taktoa (1995544) | about a year and a half ago | (#42653225)

An article about the Homestake neutrino lab. I'm currently interning at a neutrino physics group for a fairly large research university, and my mentor visited there a few weeks ago, so this is relevant to my interests.

shunky (-1)

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Aperture Science for real! (0)

Anonymous Coward | about a year and a half ago | (#42653619)

Good day, Olympians, war heroes, astronauts. Welcome to the REAL Aperture Science. I'm Cave Johnson. Who's ready to make some science?

This could be you! (3, Funny)

PPH (736903) | about a year and a half ago | (#42653707)

Think of all the science funding and cool high tech your community could attract if only you had an old mine. No time to waste. Start digging for all those rare earth metals now!

Re:This could be you! (0)

Anonymous Coward | about a year and a half ago | (#42662315)

and to think that there is still gold in that mine. IIRC, the only reason that Homestake sold it was that at the time it was unprofitable to extract & process the gold, not that they had run out of it. Of course, the price of gold has increased quite a bit, so I would think they are possibly regretting that decision.

Zero Game? (1)

edibobb (113989) | about a year and a half ago | (#42653799)

For some reason, that reminds me of the book Zero Game [bradmeltzer.com] .

I tried to read the article... (1)

Aardpig (622459) | about a year and a half ago | (#42653853)

...but I didn't understand what a nutrino was.

Neutrinos (1)

Roger W Moore (538166) | about a year and a half ago | (#42654547)

...but I didn't understand what a nutrino was.

It's a mis-spelled neutrino! ;-) Probably the easiest way to think of it is an electron but without an electric charge and even less mass (by at least five orders of magnitude). It comes in three flavours, one for each heavier cousin of the electron, and all of them are incredibly light - so light that nobody has been able to measure their masses. However the flavours oscillate over time and this can only happen if they have masses so while we have not been able to measure it we know that it is no zero. There is a far deeper lab here in Canada at SNOlab [snolab.ca] which does the same physics.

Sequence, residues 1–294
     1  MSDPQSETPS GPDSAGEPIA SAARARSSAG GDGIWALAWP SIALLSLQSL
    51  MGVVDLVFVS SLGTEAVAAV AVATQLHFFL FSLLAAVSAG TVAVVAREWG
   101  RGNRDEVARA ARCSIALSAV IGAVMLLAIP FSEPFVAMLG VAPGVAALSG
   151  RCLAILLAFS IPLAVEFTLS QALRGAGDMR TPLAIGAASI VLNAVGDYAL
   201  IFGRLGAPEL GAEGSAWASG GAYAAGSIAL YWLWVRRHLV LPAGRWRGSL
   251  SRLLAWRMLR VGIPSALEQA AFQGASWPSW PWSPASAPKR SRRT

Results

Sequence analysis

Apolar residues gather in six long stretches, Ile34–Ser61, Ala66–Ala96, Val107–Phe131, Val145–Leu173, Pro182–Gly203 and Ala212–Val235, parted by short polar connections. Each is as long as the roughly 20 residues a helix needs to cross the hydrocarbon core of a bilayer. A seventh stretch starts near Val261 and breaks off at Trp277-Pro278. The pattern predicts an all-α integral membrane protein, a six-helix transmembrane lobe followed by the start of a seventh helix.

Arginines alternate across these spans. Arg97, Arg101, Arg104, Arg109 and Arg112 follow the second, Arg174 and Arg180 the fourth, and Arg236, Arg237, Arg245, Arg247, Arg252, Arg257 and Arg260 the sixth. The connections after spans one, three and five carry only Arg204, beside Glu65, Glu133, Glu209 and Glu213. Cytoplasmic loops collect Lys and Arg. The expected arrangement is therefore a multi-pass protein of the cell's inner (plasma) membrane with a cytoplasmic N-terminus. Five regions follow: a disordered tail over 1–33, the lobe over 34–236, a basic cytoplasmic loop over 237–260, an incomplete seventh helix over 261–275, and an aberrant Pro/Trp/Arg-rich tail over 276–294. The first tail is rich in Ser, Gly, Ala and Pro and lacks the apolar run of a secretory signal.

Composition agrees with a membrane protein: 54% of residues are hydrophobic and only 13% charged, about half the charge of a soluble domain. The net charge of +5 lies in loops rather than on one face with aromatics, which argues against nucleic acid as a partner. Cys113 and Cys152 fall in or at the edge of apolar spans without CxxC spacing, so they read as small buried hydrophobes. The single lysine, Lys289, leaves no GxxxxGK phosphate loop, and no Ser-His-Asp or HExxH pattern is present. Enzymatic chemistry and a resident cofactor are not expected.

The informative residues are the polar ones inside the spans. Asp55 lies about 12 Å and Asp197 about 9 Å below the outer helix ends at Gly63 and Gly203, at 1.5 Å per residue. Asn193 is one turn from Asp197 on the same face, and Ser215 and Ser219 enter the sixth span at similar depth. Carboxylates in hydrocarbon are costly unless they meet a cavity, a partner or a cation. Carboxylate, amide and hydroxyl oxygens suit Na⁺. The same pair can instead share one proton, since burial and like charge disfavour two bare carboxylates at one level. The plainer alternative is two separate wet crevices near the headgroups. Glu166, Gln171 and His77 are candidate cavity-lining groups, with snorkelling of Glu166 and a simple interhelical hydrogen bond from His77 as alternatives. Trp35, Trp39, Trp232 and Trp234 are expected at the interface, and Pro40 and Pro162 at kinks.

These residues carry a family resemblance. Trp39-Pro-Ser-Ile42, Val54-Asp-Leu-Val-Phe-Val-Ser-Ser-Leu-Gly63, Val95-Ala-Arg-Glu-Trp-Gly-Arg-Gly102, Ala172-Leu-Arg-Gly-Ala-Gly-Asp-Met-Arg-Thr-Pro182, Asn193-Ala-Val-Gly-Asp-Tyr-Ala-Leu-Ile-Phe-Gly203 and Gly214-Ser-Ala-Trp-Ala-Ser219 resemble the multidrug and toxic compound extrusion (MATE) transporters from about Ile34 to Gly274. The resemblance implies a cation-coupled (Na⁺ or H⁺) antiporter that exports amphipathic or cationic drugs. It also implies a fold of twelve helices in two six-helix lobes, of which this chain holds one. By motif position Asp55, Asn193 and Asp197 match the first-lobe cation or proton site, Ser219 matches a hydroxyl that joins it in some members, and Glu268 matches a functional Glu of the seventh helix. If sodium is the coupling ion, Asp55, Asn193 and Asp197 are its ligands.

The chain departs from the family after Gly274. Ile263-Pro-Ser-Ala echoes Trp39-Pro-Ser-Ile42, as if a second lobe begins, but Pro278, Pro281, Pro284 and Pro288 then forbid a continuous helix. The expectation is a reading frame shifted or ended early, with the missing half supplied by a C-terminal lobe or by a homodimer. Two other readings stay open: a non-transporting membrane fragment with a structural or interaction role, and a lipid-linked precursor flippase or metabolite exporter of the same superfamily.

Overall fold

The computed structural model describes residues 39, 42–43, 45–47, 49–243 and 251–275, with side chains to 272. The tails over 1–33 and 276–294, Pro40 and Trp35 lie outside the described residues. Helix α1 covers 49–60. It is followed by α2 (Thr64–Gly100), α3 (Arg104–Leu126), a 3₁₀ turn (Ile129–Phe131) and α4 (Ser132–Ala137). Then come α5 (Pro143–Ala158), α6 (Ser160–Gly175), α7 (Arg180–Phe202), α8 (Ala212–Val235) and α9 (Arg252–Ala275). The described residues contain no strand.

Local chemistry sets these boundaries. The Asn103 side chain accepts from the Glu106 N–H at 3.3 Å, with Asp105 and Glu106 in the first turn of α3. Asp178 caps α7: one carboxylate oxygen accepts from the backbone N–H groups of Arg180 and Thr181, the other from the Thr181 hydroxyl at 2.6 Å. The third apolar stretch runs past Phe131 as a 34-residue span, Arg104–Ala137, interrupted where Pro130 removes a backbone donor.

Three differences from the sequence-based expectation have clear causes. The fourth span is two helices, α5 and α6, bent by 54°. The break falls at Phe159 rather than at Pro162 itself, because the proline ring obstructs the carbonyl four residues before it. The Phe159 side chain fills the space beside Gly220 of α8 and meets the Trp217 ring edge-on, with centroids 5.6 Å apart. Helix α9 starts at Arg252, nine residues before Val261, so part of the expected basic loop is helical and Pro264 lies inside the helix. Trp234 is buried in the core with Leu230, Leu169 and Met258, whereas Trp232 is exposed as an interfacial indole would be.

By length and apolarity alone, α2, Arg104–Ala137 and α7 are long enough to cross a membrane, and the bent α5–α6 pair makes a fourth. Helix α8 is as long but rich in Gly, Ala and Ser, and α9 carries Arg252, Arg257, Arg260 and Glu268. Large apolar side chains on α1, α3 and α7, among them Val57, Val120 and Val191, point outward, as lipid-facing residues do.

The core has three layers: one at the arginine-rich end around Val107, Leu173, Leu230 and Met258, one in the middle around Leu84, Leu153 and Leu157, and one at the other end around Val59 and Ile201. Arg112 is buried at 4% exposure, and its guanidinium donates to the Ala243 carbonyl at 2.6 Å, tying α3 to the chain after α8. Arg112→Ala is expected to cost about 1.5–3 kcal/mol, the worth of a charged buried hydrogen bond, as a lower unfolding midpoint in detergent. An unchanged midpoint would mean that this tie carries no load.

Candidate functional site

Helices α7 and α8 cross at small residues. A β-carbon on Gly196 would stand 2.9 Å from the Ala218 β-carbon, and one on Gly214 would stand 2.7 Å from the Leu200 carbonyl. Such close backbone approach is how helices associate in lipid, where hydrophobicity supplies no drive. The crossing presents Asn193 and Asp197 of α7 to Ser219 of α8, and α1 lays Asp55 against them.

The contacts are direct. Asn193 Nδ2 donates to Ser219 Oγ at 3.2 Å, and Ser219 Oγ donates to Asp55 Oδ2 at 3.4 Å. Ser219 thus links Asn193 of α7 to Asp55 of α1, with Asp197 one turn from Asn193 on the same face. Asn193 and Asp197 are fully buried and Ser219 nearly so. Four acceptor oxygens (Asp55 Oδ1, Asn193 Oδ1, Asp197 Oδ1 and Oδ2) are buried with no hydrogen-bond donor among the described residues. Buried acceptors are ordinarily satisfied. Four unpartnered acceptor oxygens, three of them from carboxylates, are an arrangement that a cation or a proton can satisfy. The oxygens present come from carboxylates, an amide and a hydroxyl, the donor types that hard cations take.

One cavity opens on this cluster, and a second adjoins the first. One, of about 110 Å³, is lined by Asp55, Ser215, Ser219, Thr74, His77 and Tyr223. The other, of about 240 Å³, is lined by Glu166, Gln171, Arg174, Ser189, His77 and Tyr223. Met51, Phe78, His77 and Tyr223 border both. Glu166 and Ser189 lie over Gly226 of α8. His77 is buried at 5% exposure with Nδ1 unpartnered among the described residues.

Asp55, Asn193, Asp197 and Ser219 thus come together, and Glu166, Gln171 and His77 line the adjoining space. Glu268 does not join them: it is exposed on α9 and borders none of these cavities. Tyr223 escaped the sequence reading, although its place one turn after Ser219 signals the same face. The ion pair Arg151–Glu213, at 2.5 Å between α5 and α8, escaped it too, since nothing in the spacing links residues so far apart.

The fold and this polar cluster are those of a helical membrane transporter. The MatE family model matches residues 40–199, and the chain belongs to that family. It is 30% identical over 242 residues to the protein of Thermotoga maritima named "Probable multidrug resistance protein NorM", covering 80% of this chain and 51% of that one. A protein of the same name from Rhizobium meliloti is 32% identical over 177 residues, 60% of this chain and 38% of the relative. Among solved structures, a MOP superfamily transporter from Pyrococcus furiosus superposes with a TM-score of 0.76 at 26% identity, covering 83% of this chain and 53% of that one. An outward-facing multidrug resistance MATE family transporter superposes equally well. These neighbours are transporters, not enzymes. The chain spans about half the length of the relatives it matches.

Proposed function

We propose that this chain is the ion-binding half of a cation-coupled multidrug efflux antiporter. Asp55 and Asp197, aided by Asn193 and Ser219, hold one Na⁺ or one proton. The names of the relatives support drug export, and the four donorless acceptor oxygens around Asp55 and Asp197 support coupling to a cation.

11 years? (2)

mbone (558574) | about a year and a half ago | (#42654175)

"Over eleven years ago, the possibility of using the retired Homestake Mine as an underground science laboratory was first proposed.

You mean, the place where the Homestake experiment [wikipedia.org] (the first to observe solar neutrinos) ran from 1970 to 1994?

Re:11 years? (0)

Anonymous Coward | about a year and a half ago | (#42654801)

Let me tell you about Homestake.

Re:11 years? (1)

Trapezium Artist (919330) | about a year and a half ago | (#42654999)

My thought entirely: it was in use as a scientific laboratory for many, many years prior to 2001 by Raymond Davis, Jr and colleagues to detect solar neutrinos. He identified a significant deficit in the number of neutrinos detected with respect to predictions and worked with John Bahcall for many years to demonstrate that his experiment was working correctly and the standard solar neutrino model was correct. Nevertheless, people doubted them for many years.

Later however, the Sudbury Neutrino Observatory in Canada and other experiments demonstrated that some of the electron neutrinos created in the Sun were mutating into muon and tau neutrinos (via "neutrino oscillation") en-route from the Sun to the Earth, providing an explanation for why Davis (whose experiment was only sensitive to electron neutrinos) was detecting only a third or so of the number predicted by the standard solar model.

Vindicated, Davis was then awarded part of the Nobel Prize for Physics in 2002, although unfortunately, Bahcall was not similarly rewarded. Neutrino oscillation and the direct implication that neutrinos have mass are profound discoveries, since they are inconsistent with the current Standard Model of particle physics. Many physicists are now working on further experiments and theory in this area.

Re:11 years? (1)

lukej (252598) | about a year and a half ago | (#42662213)

Just for the heck of it, I'll defend my semantics. Yup... DUSEL was proposed in the early 2000s right after Homestake shutdown. And the key being, using that site "as an underground science laboratory". Prior to that, it was indeed used... "as a goldmine" (with some science on the side). So it indeed seemed like a 'new' proposal.

As the NSF was asking for RFPs at the time, there were three or four contenders (a new mine in Colorado, and an existing mine in MN, and of course Homestake). At the time, Homestake had a lot of positive elements, but also some serious problems (ownership, EPA liability, and many thousands of vertical feet of water). So, at the time it was only a "possibility", and far from a sure thing that DUSEL would ever come to fruition. I would speculate that even today, given the nature of science funding and grants... it's still a bit touch and go.

Incomplete Story. (0)

Anonymous Coward | about a year and a half ago | (#42654545)

Cave Johnson was unavailable for comment.

Ladies and gentlemen... (1)

Makawity (684480) | about a year and a half ago | (#42654919)

...welcome to my underground lair.

Please stop mining Hometree! (1)

RalphTheWonderLlama (927434) | about a year and a half ago | (#42662371)

I want to see an Avatar 2.